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Now that prostate cancer is often a treatable disease (like hypertension or diabetes) new problems have surfaced regarding the need for and the timing of treatment. Selecting effective treatment has become complicated by a plethora of treatment options. Here is a brief introduction to the types of therapy available for men with newly-diagnosed or recurrent prostate cancer.

No Treatment – It is now becoming clear that thousands of men undergo aggressive treatment every year for a type of prostate cancer that will never be life-threatening. Active Surveillance, with appropriate monitoring and treatment only administered if the cancer risk increases, is becoming more popular and more accepted for men with low risk prostate cancer. This concept may also be appropriate for men with recurrent prostate cancer when progression is slow.

Local treatment options refer to strategies directed at eradicating the prostate and the cancer it contains. Examples of local treatments are surgery (radical prostatectomy), radioactive seed implantation, external beam radiation therapy, cryotherapy and some newer options. All these “local” treatments, when administered by accomplished experts, provide options that may eliminate the cancer within the prostate with a reasonable degree of consistency. However, there are potential drawbacks. The treatment can cause irreversible side effects to adjoining structures such as nerves that control erections, the urinary track and rectum. Also, the treatment may not cure the cancer. Sometimes the cancer has already spread outside of the prostate. Local treatments may also be options for salvage therapy after initial treatment failure.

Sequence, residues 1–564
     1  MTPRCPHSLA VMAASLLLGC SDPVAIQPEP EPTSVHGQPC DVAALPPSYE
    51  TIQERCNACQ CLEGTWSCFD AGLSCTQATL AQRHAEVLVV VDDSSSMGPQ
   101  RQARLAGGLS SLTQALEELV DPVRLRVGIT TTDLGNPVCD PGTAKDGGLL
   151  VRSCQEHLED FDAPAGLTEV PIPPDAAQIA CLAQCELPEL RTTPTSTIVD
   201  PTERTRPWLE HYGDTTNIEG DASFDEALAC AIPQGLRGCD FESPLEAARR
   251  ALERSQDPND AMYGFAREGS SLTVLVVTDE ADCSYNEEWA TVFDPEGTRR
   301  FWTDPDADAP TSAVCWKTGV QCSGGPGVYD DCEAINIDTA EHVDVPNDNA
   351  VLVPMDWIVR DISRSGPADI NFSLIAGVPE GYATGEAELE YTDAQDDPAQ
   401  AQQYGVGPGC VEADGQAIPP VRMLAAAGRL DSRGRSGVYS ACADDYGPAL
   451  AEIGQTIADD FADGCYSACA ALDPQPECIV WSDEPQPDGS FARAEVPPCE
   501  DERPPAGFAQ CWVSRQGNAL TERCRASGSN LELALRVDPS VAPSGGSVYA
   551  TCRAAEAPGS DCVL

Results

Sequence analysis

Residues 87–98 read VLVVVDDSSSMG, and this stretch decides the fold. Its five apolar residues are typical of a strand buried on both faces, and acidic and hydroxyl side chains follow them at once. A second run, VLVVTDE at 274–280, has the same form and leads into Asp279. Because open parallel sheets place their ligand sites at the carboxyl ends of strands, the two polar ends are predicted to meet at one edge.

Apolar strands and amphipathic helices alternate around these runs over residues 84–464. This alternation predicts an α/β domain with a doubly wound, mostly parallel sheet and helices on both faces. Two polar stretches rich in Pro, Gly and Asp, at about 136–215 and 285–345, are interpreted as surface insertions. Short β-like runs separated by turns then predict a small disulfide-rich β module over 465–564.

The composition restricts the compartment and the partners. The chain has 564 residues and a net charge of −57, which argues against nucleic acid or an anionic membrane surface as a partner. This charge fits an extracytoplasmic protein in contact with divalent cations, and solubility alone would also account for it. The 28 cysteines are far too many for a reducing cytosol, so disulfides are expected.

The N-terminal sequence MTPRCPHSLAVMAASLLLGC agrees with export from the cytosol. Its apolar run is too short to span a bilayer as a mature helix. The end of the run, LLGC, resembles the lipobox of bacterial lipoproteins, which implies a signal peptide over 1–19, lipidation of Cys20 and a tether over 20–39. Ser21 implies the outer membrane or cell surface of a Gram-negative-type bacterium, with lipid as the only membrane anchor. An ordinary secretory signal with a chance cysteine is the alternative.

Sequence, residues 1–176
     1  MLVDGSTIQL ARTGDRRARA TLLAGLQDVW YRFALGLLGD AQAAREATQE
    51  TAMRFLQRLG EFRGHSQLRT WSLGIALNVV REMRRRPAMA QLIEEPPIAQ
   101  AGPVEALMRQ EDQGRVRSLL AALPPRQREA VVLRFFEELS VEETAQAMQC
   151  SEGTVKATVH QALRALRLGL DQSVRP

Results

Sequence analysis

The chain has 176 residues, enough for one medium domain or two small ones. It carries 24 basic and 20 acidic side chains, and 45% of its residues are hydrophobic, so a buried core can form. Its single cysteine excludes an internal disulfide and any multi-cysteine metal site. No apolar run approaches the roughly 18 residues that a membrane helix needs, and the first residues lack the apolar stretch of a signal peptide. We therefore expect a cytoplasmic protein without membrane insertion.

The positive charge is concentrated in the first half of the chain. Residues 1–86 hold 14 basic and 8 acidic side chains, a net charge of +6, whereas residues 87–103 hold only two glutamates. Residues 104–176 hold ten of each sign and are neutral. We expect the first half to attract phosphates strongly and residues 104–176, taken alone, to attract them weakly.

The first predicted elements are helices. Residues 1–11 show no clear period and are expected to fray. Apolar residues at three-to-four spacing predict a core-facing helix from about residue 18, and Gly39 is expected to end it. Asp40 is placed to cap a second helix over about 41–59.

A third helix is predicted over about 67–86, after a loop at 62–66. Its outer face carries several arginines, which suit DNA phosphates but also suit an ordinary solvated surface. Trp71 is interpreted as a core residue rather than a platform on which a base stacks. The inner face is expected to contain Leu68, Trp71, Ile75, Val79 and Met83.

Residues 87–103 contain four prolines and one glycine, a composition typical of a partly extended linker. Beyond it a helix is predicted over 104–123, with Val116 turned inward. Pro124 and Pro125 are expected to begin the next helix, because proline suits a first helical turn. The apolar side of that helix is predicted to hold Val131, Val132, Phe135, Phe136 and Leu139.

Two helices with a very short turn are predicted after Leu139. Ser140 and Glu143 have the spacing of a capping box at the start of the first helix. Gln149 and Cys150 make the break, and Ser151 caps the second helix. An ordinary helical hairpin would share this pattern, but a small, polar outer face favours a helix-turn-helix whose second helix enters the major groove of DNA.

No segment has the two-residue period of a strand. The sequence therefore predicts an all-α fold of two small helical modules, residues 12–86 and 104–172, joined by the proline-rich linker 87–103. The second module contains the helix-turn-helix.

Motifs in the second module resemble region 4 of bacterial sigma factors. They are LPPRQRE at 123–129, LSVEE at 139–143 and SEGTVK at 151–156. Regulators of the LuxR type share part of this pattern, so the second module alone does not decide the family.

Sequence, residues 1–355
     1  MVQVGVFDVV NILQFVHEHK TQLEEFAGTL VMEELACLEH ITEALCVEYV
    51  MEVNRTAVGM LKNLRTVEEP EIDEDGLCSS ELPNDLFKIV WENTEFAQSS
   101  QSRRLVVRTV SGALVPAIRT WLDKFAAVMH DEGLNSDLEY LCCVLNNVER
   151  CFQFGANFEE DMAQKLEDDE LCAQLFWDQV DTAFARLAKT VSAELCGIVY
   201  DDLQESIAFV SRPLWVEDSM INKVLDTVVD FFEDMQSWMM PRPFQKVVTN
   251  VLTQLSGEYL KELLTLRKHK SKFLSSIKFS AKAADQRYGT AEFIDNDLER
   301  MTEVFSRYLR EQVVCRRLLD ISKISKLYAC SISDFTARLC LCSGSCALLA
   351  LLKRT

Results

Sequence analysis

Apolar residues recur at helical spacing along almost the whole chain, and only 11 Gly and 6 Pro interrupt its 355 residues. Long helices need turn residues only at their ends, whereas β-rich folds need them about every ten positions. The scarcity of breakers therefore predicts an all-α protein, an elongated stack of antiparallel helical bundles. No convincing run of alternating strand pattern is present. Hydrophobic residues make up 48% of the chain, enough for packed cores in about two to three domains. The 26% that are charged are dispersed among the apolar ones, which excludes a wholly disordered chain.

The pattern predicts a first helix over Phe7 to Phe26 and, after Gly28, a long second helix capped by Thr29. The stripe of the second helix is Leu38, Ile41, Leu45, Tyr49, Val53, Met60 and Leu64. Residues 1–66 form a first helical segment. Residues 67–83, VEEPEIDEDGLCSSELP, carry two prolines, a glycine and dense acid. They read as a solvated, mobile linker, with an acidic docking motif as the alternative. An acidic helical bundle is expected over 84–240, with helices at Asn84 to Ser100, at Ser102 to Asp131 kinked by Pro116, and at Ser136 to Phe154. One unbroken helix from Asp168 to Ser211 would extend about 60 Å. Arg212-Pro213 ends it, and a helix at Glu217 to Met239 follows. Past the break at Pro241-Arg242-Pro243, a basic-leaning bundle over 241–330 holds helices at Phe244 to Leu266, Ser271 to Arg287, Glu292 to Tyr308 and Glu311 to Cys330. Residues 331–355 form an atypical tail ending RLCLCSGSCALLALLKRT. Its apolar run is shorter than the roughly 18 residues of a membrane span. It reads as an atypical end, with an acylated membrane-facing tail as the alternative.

Systemic treatment options are designed to stop cancer in the whole body, not just the prostate. These options include hormone therapy, immunotherapy, chemotherapy and a few other treatments. The disadvantages of systemic treatments are that some result in substantial side-effects and the treatments may only suppress the cancer rather than eradicate it. Effective systemic treatments aim to convert prostate cancer into a chronic, non-progressive condition which can be controlled for many years. Fortunately with systemic treatments the side effects are mostly reversible when treatments are discontinued.

Combination options (local plus systemic treatments) are used for selected patients who have a high risk of relapse with local therapy alone. Combination treatment offers the best chance for cure in patients with disease that is at greater risk of being outside the prostate. Combination options are normally reserved for high-risk situations because using two treatments together can cause an accumulation of side effects. Hormonal therapy may be used to shrink the prostate before seed implant or cryotherapy.



Not all forms of prostate cancer are life-threatening. As a result, not all prostate cancer requires treatment. The need for treatment is determined by a man’s “Risk Level.”

Another important consideration is your overall health. You should evaluate your other health risks in making your decisions for treating your prostate cancer. See our paper Who’s At Risk for What?

The transformation of prostate cancer into a treatable disease creates a whole new arena of challenges. Side effects of treatment take on added importance, and the quality of life becomes a priority in cases where survival is not the central issue.


How to evaluate your options?

We suggest you start to understand your risk and options by viewing the content of our pamphlet:

What’s Your Type?

To obtain a more thorough understanding of the issues in staging prostate cancer, read Part 1 of an article by Dr. Mark Scholz “Newly Diagnosed Prostate Cancer: Evaluating the Options”.

You will find more detail on staging, in an article titled “A Strategy of Success in the Treatment of Prostate Cancer”.

Algorithms/nomograms may be valuable tools for evaluating the potential extent of your disease and your risk of recurrence. They are covered under Risk Assessment.

Accurate staging is critically important – If there is significant risk of cancer outside the prostate, advanced imaging with color Doppler ultrasound or Endo-Rectal MRI, may provide important information to help guide your treatment. See Diagnostic Imaging.

Related Resources:

Dr. Mark Scholz discussed factors to properly stage prostate cancer and treatment options at the 2007 PCRI Conference. Watch video.

NCCN Clinical Guidelines – requires (free) subscription

AUA Clinical Guidelines